We scarcely can praise it or blame it too much;
Who, born for the universe, narrowed his mind,
And to party gave up what was meant for mankind.

* Burke.

Of praise a mere glutton, he swallowed what came :
And the puff of a dunce he mistook it for fame;
Till his relish grown callous almost to disease,
Who peppered the highest was surest to please.
But let us be candid, and speak out our mind;
If dunces applauded, he paid them in kind.
Ye Kenricks, ye Kellys, and Woodfalls so grave,
What a commerce was yours, while you got and you

How did Grub Street re-echo the shouts that you raised,
While he was be-Rosciused, and you were be-praised!
But peace to his spirit, wherever it flies,

To act as an angel, and mix with the skies:
Those poets who owe their best fame to his skill,
Shall still be his flatterers, go where he will;
Old Shakspeare, receive him with praise and with love,
And Beaumonts and Bens be his Kellys above.



Here Reynolds is laid; and, to tell you my mind,
He has not left a wiser or better behind.

His pencil was striking, resistless, and grand;
His manners were gentle, complying, and bland;
Still born to improve us in every part,

His pencil our faces, his manners our heart.
To coxcombs averse, yet most civilly steering;
When they judged without skill, he was still hard of

When they talked of their Raphaels, Correggios, and

He shifted his trumpet,† and only took snuff.


Many who are familiar with Smollett as a novelist, scarcely recollect him as a poet, though he has scattered some fine verses amidst his prose fictions, and has written an Ode to Independence, which possesses the masculine strength of Dryden, with an elevation of moral feeling and sentiment rarely TOBIAS attempted or felt by that great poet. GEORGE SMOLLETT was born in Dalquhurn-house, near the village of Renton, Dumbartonshire, in

*Sir Joshua Reynolds.

† Sir Joshua was so remarkably deaf, as to be under the necessity of using an ear-trumpet in company.

1721. His father, a younger son of Sir James Smollett of Bonhill, having died early, the poet was educated by his grandfather. After the usual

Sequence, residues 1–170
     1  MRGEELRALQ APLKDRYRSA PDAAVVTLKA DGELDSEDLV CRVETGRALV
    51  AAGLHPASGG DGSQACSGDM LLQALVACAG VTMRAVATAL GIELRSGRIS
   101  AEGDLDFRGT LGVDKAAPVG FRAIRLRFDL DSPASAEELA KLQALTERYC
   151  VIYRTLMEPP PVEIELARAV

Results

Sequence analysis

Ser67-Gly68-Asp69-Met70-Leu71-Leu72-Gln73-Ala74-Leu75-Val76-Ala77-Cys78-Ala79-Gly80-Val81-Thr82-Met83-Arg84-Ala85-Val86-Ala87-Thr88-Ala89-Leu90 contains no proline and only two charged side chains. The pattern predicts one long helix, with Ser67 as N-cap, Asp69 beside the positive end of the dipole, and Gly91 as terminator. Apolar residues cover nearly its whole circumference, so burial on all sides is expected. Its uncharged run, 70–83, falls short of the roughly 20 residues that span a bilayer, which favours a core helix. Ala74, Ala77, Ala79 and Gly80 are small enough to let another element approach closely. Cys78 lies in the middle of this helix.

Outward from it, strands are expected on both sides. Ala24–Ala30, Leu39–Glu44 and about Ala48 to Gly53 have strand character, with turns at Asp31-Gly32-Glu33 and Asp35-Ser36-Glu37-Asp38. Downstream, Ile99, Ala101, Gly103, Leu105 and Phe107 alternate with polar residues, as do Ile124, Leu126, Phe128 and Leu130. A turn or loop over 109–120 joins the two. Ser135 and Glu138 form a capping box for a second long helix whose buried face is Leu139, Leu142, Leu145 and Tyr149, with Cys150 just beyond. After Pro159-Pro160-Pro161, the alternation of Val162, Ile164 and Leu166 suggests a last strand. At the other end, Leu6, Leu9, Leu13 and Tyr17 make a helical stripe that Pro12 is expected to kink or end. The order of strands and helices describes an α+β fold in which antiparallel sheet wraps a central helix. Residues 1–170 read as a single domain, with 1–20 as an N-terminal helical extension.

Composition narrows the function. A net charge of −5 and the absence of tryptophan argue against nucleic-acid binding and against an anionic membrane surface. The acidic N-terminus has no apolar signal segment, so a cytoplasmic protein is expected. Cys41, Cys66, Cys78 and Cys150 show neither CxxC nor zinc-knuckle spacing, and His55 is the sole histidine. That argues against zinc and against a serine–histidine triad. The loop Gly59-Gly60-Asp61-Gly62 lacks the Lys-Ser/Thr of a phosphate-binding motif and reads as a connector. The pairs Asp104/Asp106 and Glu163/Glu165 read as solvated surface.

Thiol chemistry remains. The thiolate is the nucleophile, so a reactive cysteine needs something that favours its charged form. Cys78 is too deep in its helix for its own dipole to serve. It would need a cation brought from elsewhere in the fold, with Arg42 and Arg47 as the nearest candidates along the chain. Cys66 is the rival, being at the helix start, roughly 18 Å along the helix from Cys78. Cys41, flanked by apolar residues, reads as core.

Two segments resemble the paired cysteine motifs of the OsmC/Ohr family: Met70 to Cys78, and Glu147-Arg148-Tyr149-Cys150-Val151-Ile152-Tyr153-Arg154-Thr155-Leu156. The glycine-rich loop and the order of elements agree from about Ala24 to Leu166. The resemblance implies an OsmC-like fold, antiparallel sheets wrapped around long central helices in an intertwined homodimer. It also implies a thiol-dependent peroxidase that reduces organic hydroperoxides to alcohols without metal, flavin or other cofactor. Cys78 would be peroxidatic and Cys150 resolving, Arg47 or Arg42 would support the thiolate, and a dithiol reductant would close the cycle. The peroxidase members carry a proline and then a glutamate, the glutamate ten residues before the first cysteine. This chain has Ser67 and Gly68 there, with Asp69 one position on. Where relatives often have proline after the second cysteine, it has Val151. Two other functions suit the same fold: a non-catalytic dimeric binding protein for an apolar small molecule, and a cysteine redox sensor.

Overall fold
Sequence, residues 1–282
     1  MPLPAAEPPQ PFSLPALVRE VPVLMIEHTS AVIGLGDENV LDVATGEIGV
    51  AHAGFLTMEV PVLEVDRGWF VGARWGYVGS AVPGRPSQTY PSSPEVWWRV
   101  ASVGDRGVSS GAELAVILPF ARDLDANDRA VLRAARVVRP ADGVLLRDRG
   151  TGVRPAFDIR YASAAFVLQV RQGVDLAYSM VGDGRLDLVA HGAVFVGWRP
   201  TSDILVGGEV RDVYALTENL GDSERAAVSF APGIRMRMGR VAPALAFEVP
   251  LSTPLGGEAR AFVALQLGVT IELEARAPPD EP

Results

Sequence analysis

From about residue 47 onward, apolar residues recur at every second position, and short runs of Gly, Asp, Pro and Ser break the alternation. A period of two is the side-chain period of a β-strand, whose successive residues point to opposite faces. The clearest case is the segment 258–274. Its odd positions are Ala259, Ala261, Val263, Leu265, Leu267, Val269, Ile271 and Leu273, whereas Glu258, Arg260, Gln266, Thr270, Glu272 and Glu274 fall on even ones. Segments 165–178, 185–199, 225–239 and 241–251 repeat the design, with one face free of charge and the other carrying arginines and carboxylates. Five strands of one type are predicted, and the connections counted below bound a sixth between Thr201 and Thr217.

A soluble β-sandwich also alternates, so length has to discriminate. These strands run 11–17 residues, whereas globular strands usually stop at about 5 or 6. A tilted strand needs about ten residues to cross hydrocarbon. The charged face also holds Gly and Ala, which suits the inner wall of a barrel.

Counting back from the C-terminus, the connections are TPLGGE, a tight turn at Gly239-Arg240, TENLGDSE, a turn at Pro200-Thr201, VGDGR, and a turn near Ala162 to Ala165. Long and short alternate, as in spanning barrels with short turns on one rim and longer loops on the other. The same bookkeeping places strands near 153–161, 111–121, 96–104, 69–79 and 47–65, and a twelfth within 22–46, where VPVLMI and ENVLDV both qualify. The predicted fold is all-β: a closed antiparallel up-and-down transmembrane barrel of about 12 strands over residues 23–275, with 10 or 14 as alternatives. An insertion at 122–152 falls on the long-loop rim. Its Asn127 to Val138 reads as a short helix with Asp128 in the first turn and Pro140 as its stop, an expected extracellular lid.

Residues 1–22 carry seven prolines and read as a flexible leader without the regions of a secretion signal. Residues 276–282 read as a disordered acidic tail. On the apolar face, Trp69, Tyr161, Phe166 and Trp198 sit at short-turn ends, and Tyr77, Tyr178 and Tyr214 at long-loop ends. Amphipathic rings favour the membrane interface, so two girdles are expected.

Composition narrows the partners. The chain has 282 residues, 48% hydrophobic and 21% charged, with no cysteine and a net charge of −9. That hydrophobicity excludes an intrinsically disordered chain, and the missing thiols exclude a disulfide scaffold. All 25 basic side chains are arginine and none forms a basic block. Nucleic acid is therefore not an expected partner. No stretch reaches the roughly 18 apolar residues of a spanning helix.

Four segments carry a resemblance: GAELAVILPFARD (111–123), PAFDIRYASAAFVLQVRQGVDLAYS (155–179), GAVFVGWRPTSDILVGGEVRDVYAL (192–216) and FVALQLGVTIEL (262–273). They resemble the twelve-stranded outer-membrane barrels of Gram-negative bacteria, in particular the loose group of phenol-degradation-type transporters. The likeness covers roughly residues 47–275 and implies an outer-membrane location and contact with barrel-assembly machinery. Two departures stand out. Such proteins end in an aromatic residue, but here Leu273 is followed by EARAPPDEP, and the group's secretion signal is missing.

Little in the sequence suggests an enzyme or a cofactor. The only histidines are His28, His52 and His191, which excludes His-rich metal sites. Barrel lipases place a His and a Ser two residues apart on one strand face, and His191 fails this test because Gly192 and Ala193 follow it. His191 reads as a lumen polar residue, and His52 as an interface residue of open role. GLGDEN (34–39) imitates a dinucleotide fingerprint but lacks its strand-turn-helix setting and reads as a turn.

Birthplace of Smollett.

course of instruction in the grammar school of Dumbarton, and at the university of Glasgow, Tobias was placed apprentice to a medical practitioner, Mr Gordon, Glasgow. He was nineteen when his term of apprenticeship expired, and, at this early age, his grandfather having died without making any provision for him, the young and sanguine adventurer proceeded to London, his chief dependence being a tragedy, called the Regicide, which he attempted to bring out at the theatres. Foiled in this effort of juvenile ambition, Smollett became surgeon's mate on board an eighty-gun ship, and was present at the ill-planned and disastrous expedition against Carthagena, which he has described with much force in his Roderick Random. He returned to England in 1746, published two satires, Advice and Reproof, and in 1748 gave to the world his novel of Roderick Random.' Peregrine Pickle appeared three years afterwards. Smollett next attempted to practise as a physician, but failed, and, taking a house at Chelsea, devoted himself to literature as a profession. Notwithstanding his facility of composition, his general information and talents, his life was one continual struggle for existence, embittered by personal quarrels, brought on partly by irritability of temper. In 1753, his romance of Ferdinand Count Fathom was published, and in 1755 his translation of Don Quixote. The version of Motteux is now generally preferred to that of our author, though the latter is marked by his characteristic humour and versatility of talent. After he had finished this task, Smollett paid a visit to his native country. His fame had gone before him, and his reception by the literati of Scotland was cordial and flattering. His filial tenderness and affection was also gratified by meeting with his surviving parent. On Smollett's arrival,' says Dr Moore, he was introduced to his mother, with the connivance of Mrs Telfer (his sister) as a gentleman from the West Indies, who was intimately acquainted